By Dr Karleen Gribble, an ABA community educator and researcher. Karleen has two children, one born to her and one adopted as a toddler, both breastfed.
Breastfeeding an adopted child is a possibility of which few are aware. It is not necessary to have been pregnant or to have functioning ovaries to be able to lactate and breastfeeding can be a very positive experience for the child and mother.
The process of making milk in cases of adoptive breastfeeding is quite simple. During pregnancy, hormones including oestrogen, progesterone and prolactin prepare the breasts to make milk. However, the hormone prolactin is also released in response to nipple stimulation and high levels of prolactin can cause the development of milk making structures and the secretion of milk. Prolactin levels can be raised via the use of an electric breast pump or the suckling of a baby. Once milk secretion begins, removal of this milk causes more milk to be made. This is called relactation or induced lactation and it is a normal, natural process. Of course relactation does not only occur with adoptive breastfeeding and women who have weaned their biological child and desire to restart breastfeeding can rebuild their milk supply in just the same manner. It is literally never too late!
Placement for adoption is a stressful, even a traumatic event for the child and mothers are strangers to their child at adoption. However, breastfeeding is very intimate and children may require some time to develop trust and attachment with their new mother before they can contemplate the intimacy of breastfeeding. Under these circumstances the mother needs to be gentle, respectful and persistent in offering breastfeeding to her child and expect that it may take several months or even more than a year before the child is ready to breastfeed. Once the initial inability to breastfeed is overcome children become avid breastfeeders who seek breastfeeding for comfort and as a way of connecting with their mother.
Attempting to force a child to breastfeed is not ever advisable or desirable. It is also important to note it is not uncommon for children from babies through to school age to actively seek breastfeeding with their new mother post-placement. With older babies and young children (especially those with a history of institutionalisation or neglect) it is important to bear in mind that the emotional and developmental ages of a child may be very different from their chronological age and that breastfeeding can help nurture the baby inside the older body. It is also helpful to consider that while Western cultures generally have a particularly short-term view of breastfeeding, in other cultures breastfeeding continues for years.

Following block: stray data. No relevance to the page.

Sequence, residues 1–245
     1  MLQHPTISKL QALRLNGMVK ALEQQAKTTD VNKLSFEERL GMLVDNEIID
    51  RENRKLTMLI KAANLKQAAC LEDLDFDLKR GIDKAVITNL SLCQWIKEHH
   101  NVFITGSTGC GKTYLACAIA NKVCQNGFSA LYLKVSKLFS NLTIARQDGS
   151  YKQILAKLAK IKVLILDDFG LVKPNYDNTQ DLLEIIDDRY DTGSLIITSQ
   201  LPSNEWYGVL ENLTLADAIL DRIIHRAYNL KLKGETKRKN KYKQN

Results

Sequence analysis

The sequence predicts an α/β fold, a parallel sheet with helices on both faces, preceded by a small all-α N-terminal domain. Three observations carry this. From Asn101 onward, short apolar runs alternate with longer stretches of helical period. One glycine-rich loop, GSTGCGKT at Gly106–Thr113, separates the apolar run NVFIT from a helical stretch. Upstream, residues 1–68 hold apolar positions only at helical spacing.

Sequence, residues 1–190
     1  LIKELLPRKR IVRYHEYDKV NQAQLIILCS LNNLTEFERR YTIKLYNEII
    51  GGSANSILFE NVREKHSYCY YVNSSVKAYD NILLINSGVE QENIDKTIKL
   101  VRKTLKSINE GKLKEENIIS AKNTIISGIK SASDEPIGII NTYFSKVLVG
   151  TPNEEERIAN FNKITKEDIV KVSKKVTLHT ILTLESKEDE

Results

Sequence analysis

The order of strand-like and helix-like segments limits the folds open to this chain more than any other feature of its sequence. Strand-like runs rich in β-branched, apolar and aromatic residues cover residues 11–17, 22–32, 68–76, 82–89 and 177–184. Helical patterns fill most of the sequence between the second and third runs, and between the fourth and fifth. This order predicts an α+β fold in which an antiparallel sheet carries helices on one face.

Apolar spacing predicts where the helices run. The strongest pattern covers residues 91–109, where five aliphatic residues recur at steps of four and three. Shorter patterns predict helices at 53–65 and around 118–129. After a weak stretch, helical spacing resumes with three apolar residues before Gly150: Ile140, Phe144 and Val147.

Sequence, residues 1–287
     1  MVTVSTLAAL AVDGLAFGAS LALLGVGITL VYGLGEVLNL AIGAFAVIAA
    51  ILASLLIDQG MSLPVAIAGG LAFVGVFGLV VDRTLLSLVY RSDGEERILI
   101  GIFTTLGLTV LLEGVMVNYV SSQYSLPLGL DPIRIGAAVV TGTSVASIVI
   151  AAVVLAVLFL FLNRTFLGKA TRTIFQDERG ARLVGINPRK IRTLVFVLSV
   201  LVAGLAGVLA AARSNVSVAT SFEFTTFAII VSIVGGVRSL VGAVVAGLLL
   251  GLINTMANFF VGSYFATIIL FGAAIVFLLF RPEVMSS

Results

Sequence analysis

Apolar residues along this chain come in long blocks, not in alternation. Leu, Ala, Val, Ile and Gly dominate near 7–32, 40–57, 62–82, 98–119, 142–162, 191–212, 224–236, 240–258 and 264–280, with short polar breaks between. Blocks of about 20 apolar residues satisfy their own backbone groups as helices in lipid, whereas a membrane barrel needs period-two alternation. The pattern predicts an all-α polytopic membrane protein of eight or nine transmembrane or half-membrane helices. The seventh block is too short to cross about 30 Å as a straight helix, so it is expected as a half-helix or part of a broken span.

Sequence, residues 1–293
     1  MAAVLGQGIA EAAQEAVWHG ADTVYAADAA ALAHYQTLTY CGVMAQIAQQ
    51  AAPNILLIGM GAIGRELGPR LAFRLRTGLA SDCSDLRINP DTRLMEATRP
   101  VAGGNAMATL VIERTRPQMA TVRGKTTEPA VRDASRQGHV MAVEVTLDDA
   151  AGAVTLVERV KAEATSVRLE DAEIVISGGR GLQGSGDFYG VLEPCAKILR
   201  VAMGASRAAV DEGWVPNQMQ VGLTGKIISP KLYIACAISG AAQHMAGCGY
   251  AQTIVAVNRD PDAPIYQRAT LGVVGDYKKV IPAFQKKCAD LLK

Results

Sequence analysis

Adopted children can benefit from the manifold health promoting qualities of breastmilk. However, the most significant impact of adoptive breastfeeding may be in the physical act of breastfeeding. During breastfeeding the children are assisted by the pleasurable interaction with their mother, skin-to-skin contact, hormone release and other factors that have a calming influence. Mothers benefit from the release of prolactin and oxytocin (the "mothering hormones") and have a decreased response to stress. Mothers who have breastfed an adopted child state that the intimate interaction involved in breastfeeding and the ability to comfort their child through breastfeeding are helpful in building trust and in developing the attachment relationship.
For those considering adoptive breastfeeding, obtaining information and support for breastfeeding is extremely important. The Australian Breastfeeding Association sells a booklet called Breastfeeding: relactation and adoption that contains detailed information about the process of adoptive breastfeeding and the experiences of mothers. This booklet can be purchased from the Australian Breastfeeding Association by calling 03 9885 0855 or emailing: email@example.com.
Other information about adoptive breastfeeding can be sourced online at:
Relactation: review of experience and recommendations for practice (WHO 1998) http://www.who.int/maternal_child_adolescent/documents/who_chs_cah_98_14/en/
© Australian Breastfeeding Association Reviewed November 2015